There are some examples of caityas which contain other smaller caityas. A caitya stands at the east margin of a pond named Siddha Pokhari, which is located on the west end of Bhaktapur City. This Kutagara-caitya (palace-shaped caitya) was in bad condition when I visited it in September 1988, and I noticed an old Asoka-caitya within the damaged Kutagara-caitya. But it had been repaired before I revisited the site in January 1992. After the repairs, I could no longer see the Asoka-caitya. Slusser says that "Stupas are not only repaired and renovated, they are often periodically enlarged; they are onions, so to speak, of which only the core is original. Thus, if there were evolutionary changes in the character of the drum, dome, or finial, the newly renovated stupa was very likely made to conform to the existing vogue" ([Slusser 1982: I-151]). It is very likely that all of the existing caityas contain an older caitya inside, or will eventually be contained within a newly constructed caitya. The hundred thousand miniature clay caityas made during the month of Gumla are to be cast into a river, but if a new caitya is being constructed nearby, they are to be kept within it.
  Sometimes the Newar Buddhists white-wash their caityas with a mixture of lime and powdered brick. This practice is called Sakhapa in Newari, and "Svayambhu-purana" recommends it as being a meritorious act. Adrian Snodgrass says that "The visible dome of the garbha is enclosed within a series of invisible counterparts, lying one within the other in concentric layers (of the painted mixture), each typifying an indefinite number of domes representing the heavens and the states of meditational consciousness that make up the supernal realms. The path to Buddhahood leads upwards through their successive summits" ([Snodgrass 1992:338]). Snodgrass asserts that this white-washing of the caitya symbolically reveals the invisible domes with the visible, and layer by layer leads the performer to ultimate Buddhahood.
  The number of caityas is increasing all over the Valley, as I have already mentioned. But at the same time, the smaller caityas are being contained within the larger ones like Russian dolls, and finally will be nested within Svayambhu Mahacaitya.
  The Newar Buddhists identified this water pot with the Akanistha-Bhuvana Heaven. To be exact, the symbol of the Akanistha-Bhuvana Heaven is not the water pot itself, but the water in it. A water pot without water is not an object of worship. The Akanistha-Bhuvana Heaven is the highest heaven of the World of Form. Beyond it are the World of Formlessness and the world of Buddha(s). They have no materials or space at all, so we can not locate them "above" the World of Form. Being invited from the World of Buddha(s), the Buddha "descends" to the Heaven of Akanistha-Bhuvana via the World of Formlessness, and appears in his material form for the first time there.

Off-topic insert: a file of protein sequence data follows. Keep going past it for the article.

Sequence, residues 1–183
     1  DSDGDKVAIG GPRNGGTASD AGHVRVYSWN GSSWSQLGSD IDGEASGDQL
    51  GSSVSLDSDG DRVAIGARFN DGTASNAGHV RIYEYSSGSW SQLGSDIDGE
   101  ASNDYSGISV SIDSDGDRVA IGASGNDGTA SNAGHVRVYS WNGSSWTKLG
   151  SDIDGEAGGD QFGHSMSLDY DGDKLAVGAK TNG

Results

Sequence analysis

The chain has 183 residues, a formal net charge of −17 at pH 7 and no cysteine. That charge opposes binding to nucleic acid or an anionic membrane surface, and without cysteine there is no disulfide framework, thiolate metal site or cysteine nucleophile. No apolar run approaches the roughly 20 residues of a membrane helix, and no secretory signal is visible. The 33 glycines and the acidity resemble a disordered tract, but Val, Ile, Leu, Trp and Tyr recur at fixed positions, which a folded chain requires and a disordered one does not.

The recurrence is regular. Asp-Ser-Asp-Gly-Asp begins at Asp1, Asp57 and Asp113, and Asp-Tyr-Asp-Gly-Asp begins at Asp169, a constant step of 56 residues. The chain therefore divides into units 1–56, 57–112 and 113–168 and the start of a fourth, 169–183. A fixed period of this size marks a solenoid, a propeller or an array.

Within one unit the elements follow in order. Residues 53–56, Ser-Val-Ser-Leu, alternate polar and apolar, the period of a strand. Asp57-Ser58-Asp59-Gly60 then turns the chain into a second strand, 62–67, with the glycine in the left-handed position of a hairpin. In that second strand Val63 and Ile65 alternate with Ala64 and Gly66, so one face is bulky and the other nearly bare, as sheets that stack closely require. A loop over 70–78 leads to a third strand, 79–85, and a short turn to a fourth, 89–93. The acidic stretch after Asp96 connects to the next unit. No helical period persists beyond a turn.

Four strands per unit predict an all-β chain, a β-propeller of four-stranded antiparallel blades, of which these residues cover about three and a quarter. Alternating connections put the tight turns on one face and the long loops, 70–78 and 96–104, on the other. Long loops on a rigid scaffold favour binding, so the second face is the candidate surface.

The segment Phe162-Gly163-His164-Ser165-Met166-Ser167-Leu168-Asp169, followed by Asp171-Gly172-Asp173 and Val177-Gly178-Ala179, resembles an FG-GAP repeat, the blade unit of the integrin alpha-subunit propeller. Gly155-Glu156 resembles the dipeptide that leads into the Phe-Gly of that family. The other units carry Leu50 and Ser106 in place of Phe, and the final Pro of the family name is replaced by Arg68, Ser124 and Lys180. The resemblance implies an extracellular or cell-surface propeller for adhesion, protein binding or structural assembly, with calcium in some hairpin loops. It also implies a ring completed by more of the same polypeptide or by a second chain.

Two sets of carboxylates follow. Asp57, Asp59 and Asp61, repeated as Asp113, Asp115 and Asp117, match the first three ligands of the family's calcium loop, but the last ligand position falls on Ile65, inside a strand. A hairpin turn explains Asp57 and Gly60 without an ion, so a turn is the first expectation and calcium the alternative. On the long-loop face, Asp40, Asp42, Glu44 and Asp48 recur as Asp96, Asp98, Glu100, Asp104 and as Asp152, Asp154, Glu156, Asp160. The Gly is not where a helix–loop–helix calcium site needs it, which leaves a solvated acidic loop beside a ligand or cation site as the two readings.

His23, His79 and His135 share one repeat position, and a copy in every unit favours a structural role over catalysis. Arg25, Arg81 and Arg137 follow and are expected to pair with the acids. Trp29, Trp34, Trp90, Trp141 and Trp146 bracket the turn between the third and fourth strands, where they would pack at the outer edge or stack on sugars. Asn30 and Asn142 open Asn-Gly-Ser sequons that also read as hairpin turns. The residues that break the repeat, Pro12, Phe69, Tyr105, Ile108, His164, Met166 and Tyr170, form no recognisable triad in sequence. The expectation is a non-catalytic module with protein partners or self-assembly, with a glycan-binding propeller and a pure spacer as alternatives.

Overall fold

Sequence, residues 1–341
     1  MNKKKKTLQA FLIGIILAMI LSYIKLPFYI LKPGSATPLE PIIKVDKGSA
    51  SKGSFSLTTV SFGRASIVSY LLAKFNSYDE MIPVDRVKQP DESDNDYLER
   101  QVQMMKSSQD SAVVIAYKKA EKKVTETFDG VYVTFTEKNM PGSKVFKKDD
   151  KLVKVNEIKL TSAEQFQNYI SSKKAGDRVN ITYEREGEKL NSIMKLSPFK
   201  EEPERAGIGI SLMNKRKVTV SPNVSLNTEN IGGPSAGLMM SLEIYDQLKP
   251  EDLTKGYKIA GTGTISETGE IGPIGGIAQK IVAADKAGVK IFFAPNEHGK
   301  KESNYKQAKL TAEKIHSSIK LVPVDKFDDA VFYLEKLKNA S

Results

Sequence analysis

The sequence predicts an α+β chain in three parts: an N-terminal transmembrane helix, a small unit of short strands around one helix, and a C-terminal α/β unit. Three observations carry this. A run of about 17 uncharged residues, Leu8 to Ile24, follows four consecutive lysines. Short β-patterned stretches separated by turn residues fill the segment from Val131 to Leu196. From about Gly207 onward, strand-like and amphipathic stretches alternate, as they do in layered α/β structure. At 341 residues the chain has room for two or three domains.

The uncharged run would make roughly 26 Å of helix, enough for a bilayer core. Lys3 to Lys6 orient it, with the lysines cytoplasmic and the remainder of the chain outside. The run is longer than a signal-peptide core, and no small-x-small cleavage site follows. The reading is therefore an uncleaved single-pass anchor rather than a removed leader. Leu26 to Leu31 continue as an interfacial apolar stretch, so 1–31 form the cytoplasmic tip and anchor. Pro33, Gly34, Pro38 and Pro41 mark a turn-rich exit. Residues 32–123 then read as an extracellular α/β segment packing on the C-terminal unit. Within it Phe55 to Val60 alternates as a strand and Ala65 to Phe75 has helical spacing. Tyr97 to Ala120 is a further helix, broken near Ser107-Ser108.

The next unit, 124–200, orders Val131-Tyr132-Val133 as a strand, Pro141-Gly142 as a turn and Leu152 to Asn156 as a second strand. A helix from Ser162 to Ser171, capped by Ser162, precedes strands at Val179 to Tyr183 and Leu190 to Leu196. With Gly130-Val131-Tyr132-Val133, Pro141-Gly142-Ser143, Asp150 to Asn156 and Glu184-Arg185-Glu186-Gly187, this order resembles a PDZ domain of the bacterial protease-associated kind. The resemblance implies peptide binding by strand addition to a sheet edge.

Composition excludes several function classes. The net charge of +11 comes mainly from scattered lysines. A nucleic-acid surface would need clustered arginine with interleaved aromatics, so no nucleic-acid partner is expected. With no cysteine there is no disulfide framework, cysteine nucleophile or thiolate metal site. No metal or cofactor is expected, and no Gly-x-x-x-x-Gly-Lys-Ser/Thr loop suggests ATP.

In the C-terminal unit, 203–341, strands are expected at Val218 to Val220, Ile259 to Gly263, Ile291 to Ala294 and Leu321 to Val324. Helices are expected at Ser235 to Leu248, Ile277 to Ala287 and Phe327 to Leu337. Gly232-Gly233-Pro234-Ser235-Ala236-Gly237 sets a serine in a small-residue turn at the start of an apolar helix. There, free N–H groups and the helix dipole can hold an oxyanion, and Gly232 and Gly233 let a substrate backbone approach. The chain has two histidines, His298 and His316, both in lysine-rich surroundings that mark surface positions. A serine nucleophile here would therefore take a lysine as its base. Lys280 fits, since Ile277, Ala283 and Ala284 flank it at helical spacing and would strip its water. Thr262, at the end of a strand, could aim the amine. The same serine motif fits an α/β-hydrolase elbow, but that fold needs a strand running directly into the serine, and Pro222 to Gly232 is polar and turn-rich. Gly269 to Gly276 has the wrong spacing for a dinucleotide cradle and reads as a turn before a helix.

The Brilliant Light of Svayambhu (Svayambhu-jyoti-rupa) emerged from the ancient lake in origin myth of the Kathmandu Valley. The Light appeared in visible form from top to bottom on the surface of the lake. Similarly, after completing the annual repainting of the images of Karunamaya, they are always revealed face first, as the white cloth which covered the whole body of the images is taken off. When a new caitya is constructed, the same scene is observed in its consecrating rite. At the auspicious moment in the rite, the white cloth which covered the whole body of the newly constructed caitya is respectfully taken off from top to bottom. The same top-to-bottom fashion may be true in Kalasa-puja, in which the deity appears from the water pot. In the Buddhist meditational or iconographic texts, such as "Sadhana-mala", the description of the deities always starts from the face and moves downward.
  In ancient India, the water pot was a symblol of the womb. So, the emergence from the water pot represented birth from a womb. There are many Siva-lingas in the Kathmandu Valley. They represent a sexual union of Siva's linga (male organ) and his consort's yoni (female organ) from the inside of the womb. Therefore, the place where a Siva-linga stands is nothing but an inner world of the womb of Siva's consort. There are many caityas which look like Siva-lingas in the Valley. And it is said that the Siva-linga enshrined in the holy site Pasupati wears Buddha's crown once a year on the day of Mukha-astami. By wearing this crown, the Siva's linga transforms itself immediately into Buddha's linga, and the Kathmandu Valley transforms into the inner world of the womb of Buddha's consort.
  In the cases of the water pot used in Kalasa puja and gaju, the inside of the water pot symbolizes both the Heaven of Akanistha-Bhuvana and the womb of Buddha's consort or the womb of Maya Devi (mother of the Buddha Sakyamuni, I will discuss her later). But in the case of the water pot as the Kathmandu Valley, the valley itself is the largest, natural water pot, and our real world exists in the inside of the water pot. So the inhabitants of the Valley themselves live inside a water pot, in a sense. As such, the inside and the outside of the water pot have already been reversed. This transformation occured at the moment when the water pot was enlarged from that of Stupa to that of Baha monastery. A stupa is, so to speak, filled with the potential energy to turn the inside out.
 
[10] Baha and Bahi - the two types of Newar Buddhist monastery (Indogaku Bukkyogaku Kenkyu - Journal of Indian and Buddhist Studies, vol.42 - no.2, 1994, pp.[218]-[221].)